• Side-effects from topical steroids are directly related to the functionally important as these hyperkeratotic papules can
potency of the compound and the length of use. be uncomfortable, and even painful, thereby restricting
• Potential risks from long-term topical steroid use include physical activity in affected individuals.
fungal infections, impetigo, viral warts, and herpes simplex.
As well, discontinuation of topical corticosteroids may lead
to a flare of symptoms. Eczema is a chronic relapsing dermatitis and, as such, it is
• Low-potency hydrocortisone 1% cream has been found to imperative to maintain the hydration and barrier function of the
be quite safe for cutaneous use. skin in these patients with daily moisturizer use. Ceramide and
• Prescription-based urea moisturizers containing 10% urea urea-based moisturizers have been shown to be beneficial in
with 1% hydrocortisone are available in lotion or cream reducing TEWL, improving barrier function, and maintaining
preparations (e.g., Uremol® HC). hydration of the stratum corneum layer of the epidermis, and
thus, should be a mainstay of treatment in patients with dry
Diabetic Skin Care Management skin and eczema. Failure to adequately moisturize the skin
• Xerosis of the feet is a common skin condition; incidence can lead to a flare of symptoms or an increased incidence
increases with age, exposure to dry winter conditions, and of infections. However, adherence to a schedule of regular
physiological changes that alter circulatory supply to the moisturizer use is associated with improved patient quality of
lower extremities (e.g., diabetes). life outcomes (e.g., reduced pruritus, improved sleep patterns,
• People with diabetes have a high incidence of xerosis of the less depression) and a reduction in the severity and frequency
feet, especially on the heels. of eczematous flares.14
• While assessing for predictors of foot lesions in diabetic
patients, one study found that 82.1% of this cohort had skin References
with dryness, cracks, or fissures.11 An unpublished survey of 1. Simpson EL. Curr Med Res Opin 26(3):633-40 (2010 Mar).
2. Leung DYM, et al. Lancet 361(9352):151-60 (2003 Jan).
105 consecutive patients with diabetes conducted by one of 3. Levy ML. Curr Med Res Opin 23(12):3091-103 (2007 Dec).
the authors revealed that 75% had clinical manifestations of 4. Ahuja A. South Med J 96(11):1068-72 (2003 Nov).
dry skin. 5. Carbone A, et al. Ann Pharmacother 44(9):1448-58 (2010 Sep).
• Dry skin often leads to cracks and fissures that can act as 6. Anderson PC, et al. Curr Opin Pediatr 21(4):486-90 (2009 Aug).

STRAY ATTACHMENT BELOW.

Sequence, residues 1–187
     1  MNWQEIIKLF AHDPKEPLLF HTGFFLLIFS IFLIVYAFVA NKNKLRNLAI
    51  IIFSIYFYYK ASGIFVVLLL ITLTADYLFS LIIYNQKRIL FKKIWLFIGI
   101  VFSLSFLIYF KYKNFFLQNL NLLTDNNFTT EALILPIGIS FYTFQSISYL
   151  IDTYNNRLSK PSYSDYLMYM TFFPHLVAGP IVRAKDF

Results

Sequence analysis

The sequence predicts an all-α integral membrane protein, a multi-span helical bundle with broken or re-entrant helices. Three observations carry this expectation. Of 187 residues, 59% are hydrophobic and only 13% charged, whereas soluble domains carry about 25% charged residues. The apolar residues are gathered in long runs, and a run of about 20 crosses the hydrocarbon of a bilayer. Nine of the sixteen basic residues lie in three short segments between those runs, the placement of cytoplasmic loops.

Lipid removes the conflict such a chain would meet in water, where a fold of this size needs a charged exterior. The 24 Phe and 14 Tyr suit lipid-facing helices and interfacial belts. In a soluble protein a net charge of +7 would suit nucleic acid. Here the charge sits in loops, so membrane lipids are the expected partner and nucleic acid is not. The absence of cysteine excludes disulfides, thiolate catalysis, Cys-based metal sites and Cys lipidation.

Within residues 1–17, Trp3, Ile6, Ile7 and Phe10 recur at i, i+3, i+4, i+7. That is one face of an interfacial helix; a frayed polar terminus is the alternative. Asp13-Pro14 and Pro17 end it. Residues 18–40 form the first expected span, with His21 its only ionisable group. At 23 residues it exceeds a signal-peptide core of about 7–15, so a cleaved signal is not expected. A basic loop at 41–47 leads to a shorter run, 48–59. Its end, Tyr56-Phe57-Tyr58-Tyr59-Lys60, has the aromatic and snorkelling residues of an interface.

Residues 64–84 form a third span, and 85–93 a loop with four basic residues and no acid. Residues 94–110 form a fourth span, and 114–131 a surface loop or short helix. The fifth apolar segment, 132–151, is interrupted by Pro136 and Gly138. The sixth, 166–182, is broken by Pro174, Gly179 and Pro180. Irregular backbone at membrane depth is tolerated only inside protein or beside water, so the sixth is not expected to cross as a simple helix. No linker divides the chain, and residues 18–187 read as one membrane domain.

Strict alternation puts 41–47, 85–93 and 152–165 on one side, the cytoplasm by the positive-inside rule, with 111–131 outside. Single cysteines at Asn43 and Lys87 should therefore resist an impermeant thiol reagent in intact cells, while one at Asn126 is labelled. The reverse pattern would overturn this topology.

7. Chamlin SL, et al. J Am Acad Dermatol 47(2):198-208 (2002 Aug).
portals of entry for bacteria. These cracks and fissures are 8. Di Nardo A. Acta Derm Venereol 78(1):27-30 (1998 Jan).
associated with an increased risk of cellulitis and foot 9. Madaan A. Drugs Today 44(10):751-5 (2008 Oct).
ulceration that, if left unchecked, can eventually lead to 10. Flynn TC, et al. Clin Dermatol 19(4):387-92 (2001 Jul).
amputation. 11. Trung H, et al. Ostomy Wound Manage 48(5):30-6 (2002 May).
12. Hindson TC. Arch Dermatol 104(3):284-5 (1971 Sep).
• Xerosis of the feet in diabetic individuals can be controlled 13. Hogan DJ, et al. Corns: treatment and medication. Available at: http://emedicine.
with the regimented use of moisturizers.11 medscape.com/article/1089807-treatment. Accessed: September 30, 2010.
• Healthcare providers should routinely inspect the feet of 14. Loden M. J Eur Acad Dermatol Venereol 19(6):672-88 (2005 Nov).
diabetic patients and encourage daily moisturization.
• Urea has been found to be a potent skin humidifier (by
decreasing TEWL) and descaling agent.
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www.SkinTherapyLetter.ca • - Family Practice Edition • Volume 7, Number 1 • February 2011 3
Family Practice Edition
Review of Conventional Systemic Therapies
for Severe Psoriasis
D. Richard Thomas, MD, FRCPC
Department of Dermatology and Skin Science, University of British Columbia, Vancouver, BC, Canada
Psoriasis is a chronic inflammatory cutaneous disorder that can significantly affect patient quality of life (QoL). Although the
exact pathogenesis remains to be elucidated, immunologic abnormalities with an increase in immune mediators are likely primary
contributing factors. Most patients have mild disease that can be adequately managed by topical therapy. However, a subset of
the psoriatic population with severe disease requires phototherapy and/or systemic treatment. Due to its chronic and recalcitrant
course, a combinational approach (including topical, systemic, and nondrug interventions) is often necessary for successful long-
Of the conventional systemic agents, acitretin, cyclosporine, and methotrexate are the most commonly used. In the new era of
biologics, these agents remain as valuable therapeutic options for severe psoriasis. Recent studies have also provided insights into
enhanced efficacy and safety when these drugs are used in combination with the biologics. A review of these conventional systemic
antipsoriatic agents will be discussed.
As family physicians frequently serve on the frontlines of patient care and are instrumental in managing comorbidities associated
with psoriasis, it may be helpful to be aware of more aggressive approaches. However, because systemic treatment carries a higher